Shows & Panels
- The 2014 Big Picture on Cyber Security
- AFCEA Answers
- Ask the CIO
- Connected Government
- Consolidating Mission-critical Systems
- Constituent Servicing
- The Data Privacy Imperative: Safeguarding Sensitive Data
- Eliminating the Pitfalls: Steps to Virtualization in Government
- Federal Executive Forum
- Federal Tech Talk
- Government Cloud Brokerage: Who, What, When, Where, Why?
- Government Mobility
- The Intersection: Where Technology Meets Transformation
- Maximizing ROI Through Data Center Consolidation
- Mobile Device Management
- The Modern Federal Threat Landscape
- Moving to the Cloud. What's the best approach for me
- Navigating Tough Choices in Government Cloud Computing
- Satellite Communications: Acquiring SATCOM in Tight Times
- Transformative Technology: Desktop Virtualization in Government
- Understanding the Intersection of Customer Service and Security in the Cloud
Shows & Panels
Colo. suspect slipped ankle bracelet
Wednesday - 4/3/2013, 3:44am EDT
DENVER (AP) -- Evan Spencer Ebel ran up a long list of felony convictions before turning 21, joined a white supremacist gang behind bars, assaulted one prison guard and wrote that he fantasized about killing others.
Along the way, he benefited from a series of errors in the criminal justice system before he became a suspect in the slaying of Colorado's prisons chief and a pizza deliveryman.
He got out of prison four years early because of a clerical error in a rural courthouse. He slipped his ankle bracelet and violated the terms of his parole last month, but authorities didn't put out a warrant for his arrest until after the killings of pizza delivery man Nathan Leon and corrections chief Tom Clements.
Ebel's streak came to an end on March 21 after he was pulled over by a sheriff's deputy in rural Texas. He died after the ensuing car chase and shootout. The gun he used was the same used to kill Clements; the trunk of Ebel's car held a Domino's pizza box and shirt.
"We have to do better in the future," Tim Hand, the head of the Department of Correction's parole division, said in an interview Tuesday. "It forces us to step back and see what things we need to examine."
Ebel entered Colorado prisons in 2005 after a series of assault and menacing charges that combined for an eight-year sentence. Within six months he landed in solitary confinement, and he bounced in and out of that restricted state until his Jan. 28 release.
In 2006, he slipped his handcuffs, punched a guard in the face and threatened to kill the man's family. Ebel agreed to plead guilty to the attack and receive up to four years more in prison, to be served after his sentence ended.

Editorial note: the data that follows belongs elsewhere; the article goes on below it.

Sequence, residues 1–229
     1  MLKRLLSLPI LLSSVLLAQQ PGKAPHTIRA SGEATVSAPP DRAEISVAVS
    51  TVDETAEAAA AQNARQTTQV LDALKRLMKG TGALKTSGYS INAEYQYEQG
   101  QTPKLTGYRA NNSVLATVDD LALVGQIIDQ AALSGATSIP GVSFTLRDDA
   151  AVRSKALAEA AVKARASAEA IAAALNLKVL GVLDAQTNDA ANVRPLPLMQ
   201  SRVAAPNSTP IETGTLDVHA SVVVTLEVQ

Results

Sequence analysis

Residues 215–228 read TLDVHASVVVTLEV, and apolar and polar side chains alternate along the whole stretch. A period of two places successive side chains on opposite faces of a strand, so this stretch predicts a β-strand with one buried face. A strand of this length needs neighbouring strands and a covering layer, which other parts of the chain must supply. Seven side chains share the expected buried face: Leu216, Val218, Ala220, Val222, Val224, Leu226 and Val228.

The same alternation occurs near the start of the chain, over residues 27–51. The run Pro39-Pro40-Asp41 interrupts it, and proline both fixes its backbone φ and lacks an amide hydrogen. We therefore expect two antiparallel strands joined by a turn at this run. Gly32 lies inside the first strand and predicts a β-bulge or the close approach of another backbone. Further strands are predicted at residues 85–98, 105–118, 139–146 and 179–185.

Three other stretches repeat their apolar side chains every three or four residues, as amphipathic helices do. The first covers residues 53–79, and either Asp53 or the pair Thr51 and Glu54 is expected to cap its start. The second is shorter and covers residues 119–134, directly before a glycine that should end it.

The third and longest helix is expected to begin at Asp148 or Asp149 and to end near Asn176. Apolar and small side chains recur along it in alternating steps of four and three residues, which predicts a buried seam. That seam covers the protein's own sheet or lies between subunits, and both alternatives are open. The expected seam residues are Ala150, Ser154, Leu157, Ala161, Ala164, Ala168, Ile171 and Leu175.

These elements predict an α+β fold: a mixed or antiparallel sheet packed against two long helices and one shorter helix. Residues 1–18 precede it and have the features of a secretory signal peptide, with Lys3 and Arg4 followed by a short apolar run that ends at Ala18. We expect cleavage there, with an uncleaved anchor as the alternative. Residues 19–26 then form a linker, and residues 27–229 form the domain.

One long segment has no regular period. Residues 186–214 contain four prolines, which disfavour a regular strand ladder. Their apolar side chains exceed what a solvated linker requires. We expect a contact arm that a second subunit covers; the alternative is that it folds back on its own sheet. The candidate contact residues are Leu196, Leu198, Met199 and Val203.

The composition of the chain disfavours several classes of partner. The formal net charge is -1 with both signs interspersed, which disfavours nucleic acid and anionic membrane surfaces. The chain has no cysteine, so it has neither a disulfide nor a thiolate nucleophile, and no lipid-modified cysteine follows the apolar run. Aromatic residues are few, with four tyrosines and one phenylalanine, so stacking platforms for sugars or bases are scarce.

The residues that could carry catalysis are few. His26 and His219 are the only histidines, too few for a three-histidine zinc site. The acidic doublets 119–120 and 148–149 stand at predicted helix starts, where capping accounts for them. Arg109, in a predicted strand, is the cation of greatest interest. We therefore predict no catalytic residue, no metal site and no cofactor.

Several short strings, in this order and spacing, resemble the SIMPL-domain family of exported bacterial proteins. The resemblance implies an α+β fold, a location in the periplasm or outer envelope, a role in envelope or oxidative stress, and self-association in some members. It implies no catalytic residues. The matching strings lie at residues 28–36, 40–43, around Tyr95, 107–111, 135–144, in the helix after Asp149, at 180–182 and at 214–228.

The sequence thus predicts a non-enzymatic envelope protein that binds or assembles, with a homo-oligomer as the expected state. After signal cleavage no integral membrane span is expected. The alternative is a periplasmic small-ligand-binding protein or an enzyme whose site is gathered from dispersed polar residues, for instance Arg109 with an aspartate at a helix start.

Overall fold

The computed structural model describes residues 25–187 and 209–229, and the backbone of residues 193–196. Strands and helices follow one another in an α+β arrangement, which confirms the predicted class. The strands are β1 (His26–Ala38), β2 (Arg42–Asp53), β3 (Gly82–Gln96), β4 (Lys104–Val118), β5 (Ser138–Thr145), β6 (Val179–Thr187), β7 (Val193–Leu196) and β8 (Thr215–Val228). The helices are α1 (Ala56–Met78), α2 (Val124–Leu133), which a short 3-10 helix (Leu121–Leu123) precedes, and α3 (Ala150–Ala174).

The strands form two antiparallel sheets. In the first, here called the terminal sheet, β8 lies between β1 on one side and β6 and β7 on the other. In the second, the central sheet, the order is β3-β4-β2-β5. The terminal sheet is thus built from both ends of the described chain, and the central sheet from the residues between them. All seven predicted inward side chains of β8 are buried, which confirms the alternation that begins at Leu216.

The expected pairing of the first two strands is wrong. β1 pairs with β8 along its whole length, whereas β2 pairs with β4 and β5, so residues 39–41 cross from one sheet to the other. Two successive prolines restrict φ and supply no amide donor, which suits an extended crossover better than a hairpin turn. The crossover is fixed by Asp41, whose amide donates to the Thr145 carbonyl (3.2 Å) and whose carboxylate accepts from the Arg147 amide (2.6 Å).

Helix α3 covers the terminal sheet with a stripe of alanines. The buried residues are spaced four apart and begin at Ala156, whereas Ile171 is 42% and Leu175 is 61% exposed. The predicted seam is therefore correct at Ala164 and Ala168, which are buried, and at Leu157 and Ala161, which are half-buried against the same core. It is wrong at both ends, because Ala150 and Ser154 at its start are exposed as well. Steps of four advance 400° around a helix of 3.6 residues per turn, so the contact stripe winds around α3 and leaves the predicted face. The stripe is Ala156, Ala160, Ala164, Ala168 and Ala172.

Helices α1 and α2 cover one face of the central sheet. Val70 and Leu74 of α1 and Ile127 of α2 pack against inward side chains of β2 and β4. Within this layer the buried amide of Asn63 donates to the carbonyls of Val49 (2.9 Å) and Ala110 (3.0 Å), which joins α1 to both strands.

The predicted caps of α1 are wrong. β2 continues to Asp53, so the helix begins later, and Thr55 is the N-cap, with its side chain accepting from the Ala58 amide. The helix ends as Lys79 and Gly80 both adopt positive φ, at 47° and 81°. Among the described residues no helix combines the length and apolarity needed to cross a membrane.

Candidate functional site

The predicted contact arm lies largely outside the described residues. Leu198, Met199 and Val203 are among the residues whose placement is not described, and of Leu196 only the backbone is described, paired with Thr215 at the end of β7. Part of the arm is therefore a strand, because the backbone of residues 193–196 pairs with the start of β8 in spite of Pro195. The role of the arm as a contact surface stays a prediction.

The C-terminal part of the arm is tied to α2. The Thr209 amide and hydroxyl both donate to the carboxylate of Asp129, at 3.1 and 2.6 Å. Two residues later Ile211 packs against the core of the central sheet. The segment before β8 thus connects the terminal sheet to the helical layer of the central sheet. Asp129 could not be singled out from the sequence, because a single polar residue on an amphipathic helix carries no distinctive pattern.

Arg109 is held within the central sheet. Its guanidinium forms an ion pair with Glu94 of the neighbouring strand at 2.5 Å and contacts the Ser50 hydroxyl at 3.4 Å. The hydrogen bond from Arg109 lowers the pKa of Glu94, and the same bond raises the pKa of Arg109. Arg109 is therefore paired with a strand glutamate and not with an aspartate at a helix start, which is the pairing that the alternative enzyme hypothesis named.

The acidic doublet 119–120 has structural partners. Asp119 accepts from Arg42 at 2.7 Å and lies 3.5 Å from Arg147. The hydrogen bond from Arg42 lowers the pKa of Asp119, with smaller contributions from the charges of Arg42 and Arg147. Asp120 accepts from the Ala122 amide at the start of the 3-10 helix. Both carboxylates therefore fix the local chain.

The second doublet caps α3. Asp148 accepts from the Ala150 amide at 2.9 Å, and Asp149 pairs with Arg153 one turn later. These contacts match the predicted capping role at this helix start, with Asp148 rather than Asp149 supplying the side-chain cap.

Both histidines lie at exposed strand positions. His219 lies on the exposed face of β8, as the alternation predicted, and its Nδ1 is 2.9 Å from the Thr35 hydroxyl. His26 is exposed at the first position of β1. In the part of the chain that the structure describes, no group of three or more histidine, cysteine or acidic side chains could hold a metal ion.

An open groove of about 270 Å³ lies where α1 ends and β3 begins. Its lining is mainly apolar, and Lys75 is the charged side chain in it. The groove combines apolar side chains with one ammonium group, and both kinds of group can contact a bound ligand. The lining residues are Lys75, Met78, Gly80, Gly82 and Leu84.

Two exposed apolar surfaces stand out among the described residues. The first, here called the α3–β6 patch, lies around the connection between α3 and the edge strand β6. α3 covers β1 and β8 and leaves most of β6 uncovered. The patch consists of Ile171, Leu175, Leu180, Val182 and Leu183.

There was no question in the courtroom that Ebel was supposed to stay in prison well after 2013. "I just think four years is a little stiff, you know," he told Judge David Thorson, according to transcripts of the 2008 hearing released Tuesday. "By the time I get out, I'll be 33."
The judge, however, didn't say the sentence was meant to be "consecutive," or in addition to, Ebel's current one, so it went to the prison system as a sentence to be served simultaneously. Prison officials say they had no way of knowing the intention had been for Ebel to remain behind bars for four more years.
As a result, Ebel was out before his 29th birthday.
Charles Barton, chief judge of the 11th Judicial District, and court administrator Walter Blair, said in a statement that the court regrets the oversight "and extends condolences to the families of Mr. Nathan Leon and Mr. Tom Clements."
Absent a huge audit, there's no way of knowing how common such random clerical errors might be in a legal system that churns out thousands of pages of documents daily, said Bill Raftery, an analyst at the Williamsburg, Va.-based National Center for State Courts.
When Ebel left prison Jan. 28, he entered an overwhelmed parole system that immediately flagged him as a high risk to re-offend. Half of Colorado's parolees end up back in custody.
The toughest cases are people released straight from solitary confinement, like Ebel. But officers who monitor them are deluged with cases -- the industry standard is they should supervise 20 high-risk parolees, but in Colorado they supervise an average of 35. Corrections officials say that's because budget cuts led to fewer resources for parole and more inmates released from prison.
Ebel was placed on the most intensive level of parole, requiring daily calls to corrections, a weekly urine test to see if he was on drugs and medical treatment that corrections officials say they cannot disclose due to federal privacy laws. Prison documents show that parole officials predicted he had a 2-in-3 chance of committing another crime. But he had one thing in his favor: His father.
Ebel's father, Jack, an attorney, found his son a place to live and hired him to work in his law firm performing menial tasks like moving filing cabinets, Hand said. Many offenders end up homeless with daunting prospects of finding work. And many end up re-offending in their first month out of prison.
In contrast, Ebel was, at first, a sterling parolee. He called in every day. He stayed away from alcohol and bars and did not leave the Denver area. He even once checked in because he was concerned he hadn't been subjected to his weekly surprise urinalysis yet.